Study: More than 33% of Children Who Started School During Coronavirus Need ‘Intensive’ Reading Intervention

Girl in mask reading at a library. ( Irina Tiumentseva/iStock/Getty Images Plus)
Irina Tiumentseva/iStock/Getty Images Plus

More than one-in-three students who started school during coronavirus pandemic restrictions are reading far below grade level and have little chance of recovering by the end of the school year.

According to a study by Amplify, a curriculum and assessment group, students in kindergarten through third grade are struggling with reading to such a degree that many require “intensive” intervention in order to recover from losses due to the pandemic.

The study used data derived from Dynamic Indicators of Basic Early Literacy Skills (DIBELS) assessments, a common diagnostic test that looks for indicators such as phonemic awareness, comprehension, alphabetic principle, and fluency. It compiled data from more than 1,300 schools in 37 states from 2019 to 2022.

While there has been some improvement from the 2020-2021 school year, the 2021-2022 school year, students are still well below pre-pandemic reading readiness. The results also show that earlier grade levels have the students least prepared relative to their grade level’s benchmark standards.

Only 47 percent of kindergartners are reading at grade level now compared to 55 percent pre-pandemic. That number can be coupled with the fact that 37 percent of kindergartners are considered “at-risk readers” who read well below their grade level, compared to only 29 percent pre-pandemic. “At-risk readers” are considered to only have a 20 percent chance of making up the gap by the end of the school year.

The story is similar all the way through fifth grade, but reading readiness does increase with the higher grade levels.

For example, while only 48 percent of first-graders are reading at grade level (compared to 58 percent pre-pandemic), 57 percent of fifth-graders are reading at grade level (compared to 58 percent pre-pandemic). Similarly, while 37 percent of first-graders are considered to be “at-risk” (compared to 29 percent pre-pandemic), 29 percent of fifth-graders are considered the same (compared to 28 percent pre-pandemic).

However, students who are considered “at-risk” at higher grades have dramatically more ground to make up than students at lower grade levels. “When students start getting to grades 3 and 4, and 5, those compounding effects will really be prevalent, and it takes more time and more resources to actually close the gap,” Amplify Chief Academic Officer for Elementary Humanities Susan Lambert said, according to Education Week.

The dismal literacy numbers — which are in large part a result of keeping schools closed and children masked — also trend by race, which might more accurately be portrayed as trending by location, as Democrat-run cities held on the longest with draconian and disastrous pandemic restrictions on children.

Indeed, while white students were more likely to return to in-person learning earlier on in the pandemic, posting a reading preparedness pre/post-pandemic drop from 65 percent to 58 percent, black students’ reading scores dropped from 51 percent to 37 percent, and Hispanic students dropped from 54 percent to 42 percent over the same timeframe.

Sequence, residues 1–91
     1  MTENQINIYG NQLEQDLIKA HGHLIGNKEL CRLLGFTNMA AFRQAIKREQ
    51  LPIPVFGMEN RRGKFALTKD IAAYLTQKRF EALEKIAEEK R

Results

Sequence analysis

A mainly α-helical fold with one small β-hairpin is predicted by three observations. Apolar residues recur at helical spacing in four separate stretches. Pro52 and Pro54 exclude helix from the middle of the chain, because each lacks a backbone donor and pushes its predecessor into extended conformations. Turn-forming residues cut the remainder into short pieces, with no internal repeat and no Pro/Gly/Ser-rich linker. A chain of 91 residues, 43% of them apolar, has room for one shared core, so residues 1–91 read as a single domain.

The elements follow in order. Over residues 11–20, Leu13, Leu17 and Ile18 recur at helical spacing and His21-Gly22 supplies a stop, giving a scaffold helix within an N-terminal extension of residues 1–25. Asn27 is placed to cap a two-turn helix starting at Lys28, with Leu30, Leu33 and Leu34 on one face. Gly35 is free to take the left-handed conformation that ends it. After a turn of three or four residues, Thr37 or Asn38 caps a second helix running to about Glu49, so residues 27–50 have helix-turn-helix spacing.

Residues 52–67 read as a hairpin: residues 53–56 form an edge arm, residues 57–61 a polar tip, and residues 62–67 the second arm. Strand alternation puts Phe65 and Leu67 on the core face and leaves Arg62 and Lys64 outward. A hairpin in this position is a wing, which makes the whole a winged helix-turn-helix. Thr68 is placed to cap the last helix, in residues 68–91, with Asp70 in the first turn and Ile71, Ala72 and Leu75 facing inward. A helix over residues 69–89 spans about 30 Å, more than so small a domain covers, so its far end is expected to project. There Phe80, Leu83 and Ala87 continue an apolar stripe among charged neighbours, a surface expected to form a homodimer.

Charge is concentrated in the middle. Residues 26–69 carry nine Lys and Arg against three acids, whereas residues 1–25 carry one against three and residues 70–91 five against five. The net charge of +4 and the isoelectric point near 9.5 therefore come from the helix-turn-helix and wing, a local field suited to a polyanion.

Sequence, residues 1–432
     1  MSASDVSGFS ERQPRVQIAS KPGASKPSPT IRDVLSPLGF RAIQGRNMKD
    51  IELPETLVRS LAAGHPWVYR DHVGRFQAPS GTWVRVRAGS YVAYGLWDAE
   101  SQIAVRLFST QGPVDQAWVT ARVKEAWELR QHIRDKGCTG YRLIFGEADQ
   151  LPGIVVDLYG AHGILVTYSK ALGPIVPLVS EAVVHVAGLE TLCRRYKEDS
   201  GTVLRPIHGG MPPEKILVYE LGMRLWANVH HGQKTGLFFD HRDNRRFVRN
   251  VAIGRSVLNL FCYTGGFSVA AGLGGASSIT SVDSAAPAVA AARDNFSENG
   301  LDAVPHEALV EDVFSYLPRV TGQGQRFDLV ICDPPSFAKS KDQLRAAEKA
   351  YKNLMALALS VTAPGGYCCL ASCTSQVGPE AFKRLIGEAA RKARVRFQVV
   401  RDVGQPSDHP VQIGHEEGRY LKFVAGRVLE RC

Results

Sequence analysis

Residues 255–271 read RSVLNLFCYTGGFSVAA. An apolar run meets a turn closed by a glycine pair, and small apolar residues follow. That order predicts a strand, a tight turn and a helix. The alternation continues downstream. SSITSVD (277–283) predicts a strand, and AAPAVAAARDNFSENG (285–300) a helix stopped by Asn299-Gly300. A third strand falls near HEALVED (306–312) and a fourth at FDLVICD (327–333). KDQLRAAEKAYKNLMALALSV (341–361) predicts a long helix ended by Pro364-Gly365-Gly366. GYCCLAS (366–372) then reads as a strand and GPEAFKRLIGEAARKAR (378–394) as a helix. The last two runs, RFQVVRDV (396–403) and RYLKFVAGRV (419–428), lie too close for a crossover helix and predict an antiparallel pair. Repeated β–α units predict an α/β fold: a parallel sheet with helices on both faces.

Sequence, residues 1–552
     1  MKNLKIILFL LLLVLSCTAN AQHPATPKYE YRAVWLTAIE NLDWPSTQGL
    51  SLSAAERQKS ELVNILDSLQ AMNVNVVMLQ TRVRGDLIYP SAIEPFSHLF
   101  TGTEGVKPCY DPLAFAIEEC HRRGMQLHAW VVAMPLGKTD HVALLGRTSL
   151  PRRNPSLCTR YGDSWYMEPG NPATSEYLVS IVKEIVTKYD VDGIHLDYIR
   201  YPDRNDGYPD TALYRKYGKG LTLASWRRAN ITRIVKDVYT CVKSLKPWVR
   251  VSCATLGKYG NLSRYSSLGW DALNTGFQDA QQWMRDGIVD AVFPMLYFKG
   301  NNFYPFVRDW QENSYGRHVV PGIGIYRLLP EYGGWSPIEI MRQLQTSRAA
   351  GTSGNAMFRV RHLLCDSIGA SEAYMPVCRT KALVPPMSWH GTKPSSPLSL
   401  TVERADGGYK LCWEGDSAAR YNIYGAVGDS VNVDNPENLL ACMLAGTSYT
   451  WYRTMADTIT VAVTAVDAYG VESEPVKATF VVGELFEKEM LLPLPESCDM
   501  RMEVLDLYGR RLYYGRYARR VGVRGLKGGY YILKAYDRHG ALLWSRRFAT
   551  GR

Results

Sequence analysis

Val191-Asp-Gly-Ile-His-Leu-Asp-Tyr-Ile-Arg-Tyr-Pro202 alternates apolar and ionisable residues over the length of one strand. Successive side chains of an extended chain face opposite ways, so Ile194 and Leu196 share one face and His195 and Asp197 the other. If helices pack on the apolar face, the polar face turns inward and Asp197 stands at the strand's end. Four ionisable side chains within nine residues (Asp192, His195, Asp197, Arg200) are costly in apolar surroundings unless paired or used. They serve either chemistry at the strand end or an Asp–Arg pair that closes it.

School districts with large student populations, a significant percentage of whom are minorities, like Chicago, Los Angeles, and New York City, are some of the school districts that fought to drop pandemic restrictions until 2022, often using the power of teachers’ unions to keep schools shuttered and children falling further behind.

“There’s one group [reading] below benchmark—think of them as … ‘bubble kids,’ you know, the ones who probably need strategic support that could be offered within the classroom, but don’t need to be pulled out for something more intensive,” Amplify Director of Data Science Paul Gazzerro said. “And then [there are] kids who are least likely to be successful at the end of the year, these kids we’re identifying as at risk.”

Along with educational development, pandemic restrictions have caused a severe spike in mental health issues for children.

Pediatricians have known from early on in the pandemic that the lack of personal interaction and ability to see the faces of others have driven literacy and speech down dramatically.

Indeed, in the middle of 2020, the American Academy of Pediatrics urged school officials to open schools for in-person learning, warning of spiking depression, anxiety, and suicidal ideation among children — mostly to no avail.

Even U.S. Surgeon General Vivek Murthy pointed out that “depression and anxiety symptoms for youth around the world had doubled during the pandemic and that clinical data also revealed that ‘suspected suicide attempts were 51% higher for adolescent girls and 4% higher for adolescent boys compared to the same time period in early 2019.’”

“‘Pandemic-related measures … made it harder to recognize signs of child abuse, mental health concerns, and other challenges’ children were facing given the ‘reduced in-person interactions among children, friends, social supports, and professionals such as teachers [and] school counselors,’” Murthy’s study stated.

Breccan F. Thies is a reporter for Breitbart News. You can follow him on Twitter @BreccanFThies.


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